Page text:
We’ve all heard stories of people who’ve lost their jobs after less-than-wholesome pictures or statements have gone public. If you have a reputation to keep, you definitely don’t want pictures from last weekend’s private party showing up, especially if you really let your hair down. While you can’t control what others do with photos they take of you, you can control whether or not you’re tagged in them.
Fortunately, there are settings in Facebook that allow you to control who sees what information and what happens when youíre tagged. Despite what you may have heard or seen floating around in a Facebook share hoax, you do have complete control over your Facebook privacy, and it’s easy to adjust.
See what your account looks like to an outsider
From your Facebook homepage, click your name on the blue bar at the top of the page. Click the three dots next to ‘View Activity Log’ and then select ‘View as’
Run a quick privacy checkup
Click the question mark in the top right corner and choose ‘privacy checkup’.
Think about what you really need to share ñ do people need to know the YEAR of your birth or just your birthday? Your friends will still get the notification, and you’ll still get the balloons.
Edit advanced privacy
While the checkup covers the most obvious info, you can go much deeper. Click the V-shaped dropdown to the right of the question mark. Go to settings and choose privacy.
Adjust timeline and tagging
In the privacy settings, you can explicitly control who can tag you, who can see or share the tagged content, and what shows up on your newsfeed.
Tightening your Facebook privacy only takes a few minutes, but it can save you a whole lot of trouble in the future. If you need help with this, just give us a call at 570.235.1946.
If you’ve ever had a sudden computer problem, you know it can be very stressful. So much of our day-to-day life requires having access to a working computer.
Homework, budgeting, bills, even browsing dinner recipes all have a degree of urgency that mean dealing with a broken computer isn’t comfortable for long. Your computer technician offers two options: remote repair or bring it in. Which is the best choice for you?
Benefits of Remote Support
Speed: If remote repair is a possibility, your technician can connect via the Internet and have you operational in no time. You might also choose to just leave it turned on in the morning and go to work as normal, while the tech logs in to conduct the repair, ready for your return. Without this option, you’d need to juggle time in your diary to drop the system off as most in-store techs only work 9-5.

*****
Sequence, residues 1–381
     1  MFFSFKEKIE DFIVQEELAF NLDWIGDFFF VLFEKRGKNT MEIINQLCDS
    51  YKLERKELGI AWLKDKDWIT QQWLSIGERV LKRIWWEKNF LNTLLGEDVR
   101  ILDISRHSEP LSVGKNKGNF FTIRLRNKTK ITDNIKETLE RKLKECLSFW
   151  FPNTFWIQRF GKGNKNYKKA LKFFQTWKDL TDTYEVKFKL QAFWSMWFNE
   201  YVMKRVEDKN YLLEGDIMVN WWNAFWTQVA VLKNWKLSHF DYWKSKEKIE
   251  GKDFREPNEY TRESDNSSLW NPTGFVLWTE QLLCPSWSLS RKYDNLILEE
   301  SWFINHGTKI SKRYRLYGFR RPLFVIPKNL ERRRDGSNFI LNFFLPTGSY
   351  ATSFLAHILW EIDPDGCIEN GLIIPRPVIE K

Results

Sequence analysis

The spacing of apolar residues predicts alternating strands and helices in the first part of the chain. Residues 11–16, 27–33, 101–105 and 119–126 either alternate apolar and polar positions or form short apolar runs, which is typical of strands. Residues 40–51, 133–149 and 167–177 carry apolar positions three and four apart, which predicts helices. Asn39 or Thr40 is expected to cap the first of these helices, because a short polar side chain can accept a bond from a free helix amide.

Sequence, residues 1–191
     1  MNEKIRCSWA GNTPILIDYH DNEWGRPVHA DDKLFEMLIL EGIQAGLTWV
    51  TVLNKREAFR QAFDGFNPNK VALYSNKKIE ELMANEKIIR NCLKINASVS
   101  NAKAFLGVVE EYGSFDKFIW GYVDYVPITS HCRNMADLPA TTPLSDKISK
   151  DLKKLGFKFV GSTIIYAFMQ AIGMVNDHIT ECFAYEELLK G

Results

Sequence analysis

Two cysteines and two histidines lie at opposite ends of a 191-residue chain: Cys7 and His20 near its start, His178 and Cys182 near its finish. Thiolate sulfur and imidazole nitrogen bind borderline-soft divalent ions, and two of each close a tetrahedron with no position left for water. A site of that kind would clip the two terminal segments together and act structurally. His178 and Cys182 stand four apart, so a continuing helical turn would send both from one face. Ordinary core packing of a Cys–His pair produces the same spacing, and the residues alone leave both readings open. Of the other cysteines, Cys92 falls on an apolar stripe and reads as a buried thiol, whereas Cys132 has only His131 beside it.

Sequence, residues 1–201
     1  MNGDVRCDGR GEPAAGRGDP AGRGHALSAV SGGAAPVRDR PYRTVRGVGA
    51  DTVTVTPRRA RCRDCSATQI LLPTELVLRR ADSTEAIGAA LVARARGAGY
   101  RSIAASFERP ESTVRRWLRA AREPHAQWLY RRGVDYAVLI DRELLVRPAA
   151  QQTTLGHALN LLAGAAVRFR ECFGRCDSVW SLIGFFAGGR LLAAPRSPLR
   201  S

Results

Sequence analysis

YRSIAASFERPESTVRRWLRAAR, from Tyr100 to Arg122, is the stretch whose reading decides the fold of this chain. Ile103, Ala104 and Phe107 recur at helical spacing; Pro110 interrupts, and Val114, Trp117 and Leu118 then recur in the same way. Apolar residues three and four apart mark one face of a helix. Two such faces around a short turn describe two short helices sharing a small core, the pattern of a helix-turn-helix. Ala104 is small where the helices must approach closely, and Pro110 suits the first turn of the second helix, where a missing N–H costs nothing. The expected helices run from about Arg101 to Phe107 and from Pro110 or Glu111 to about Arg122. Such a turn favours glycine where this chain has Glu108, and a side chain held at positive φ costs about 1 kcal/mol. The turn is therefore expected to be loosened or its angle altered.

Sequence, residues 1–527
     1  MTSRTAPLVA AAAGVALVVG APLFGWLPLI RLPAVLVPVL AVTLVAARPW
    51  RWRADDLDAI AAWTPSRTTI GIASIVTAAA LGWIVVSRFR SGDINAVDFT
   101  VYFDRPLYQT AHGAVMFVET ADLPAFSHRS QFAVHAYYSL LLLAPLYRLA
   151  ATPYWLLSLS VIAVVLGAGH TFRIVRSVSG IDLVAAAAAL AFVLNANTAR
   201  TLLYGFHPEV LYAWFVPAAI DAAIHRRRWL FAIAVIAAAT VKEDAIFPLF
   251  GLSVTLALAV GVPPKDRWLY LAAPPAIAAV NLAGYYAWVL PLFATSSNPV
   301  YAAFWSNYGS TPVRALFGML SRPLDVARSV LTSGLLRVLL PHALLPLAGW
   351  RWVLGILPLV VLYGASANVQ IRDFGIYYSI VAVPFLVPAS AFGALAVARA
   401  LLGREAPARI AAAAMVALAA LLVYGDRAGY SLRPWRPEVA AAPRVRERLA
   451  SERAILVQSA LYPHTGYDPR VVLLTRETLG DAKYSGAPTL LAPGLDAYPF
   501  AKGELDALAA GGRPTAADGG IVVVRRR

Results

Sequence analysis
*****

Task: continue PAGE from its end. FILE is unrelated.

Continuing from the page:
Many large-scale remote support services are even available 24/7, eliminating all unnecessary delays.
Convenience: You get to skip the unpleasant tasks of unplugging the PC, untangling the cables and carting it into the repair store. Even then, once repaired, you’d still be privileged with carrying it back home and playing a game of which-plug-goes-where.
Computers may be getting smaller, but they’re still heavy and fiddly! Laptops are designed to be moved around often and it may not be a problem to stop at the repair store, but traveling with a desktop PC requires a little more effort and a lot more inconvenience.
Negatives of Remote Support
Limited repair options: A remote connection can only repair certain software problems, not hardware problems. It’s impossible for the technician to swap out a failed part remotely, and unless you’re confident in your own repair skills, guided physical repair isn’t viable either.
Occasionally the problem will also be outside the computer, perhaps a troublesome peripheral or connection. Your technician may be able to walk you through correcting some of these minor problems yourself, but most invariably require a physical call-out or taking your computer in-store.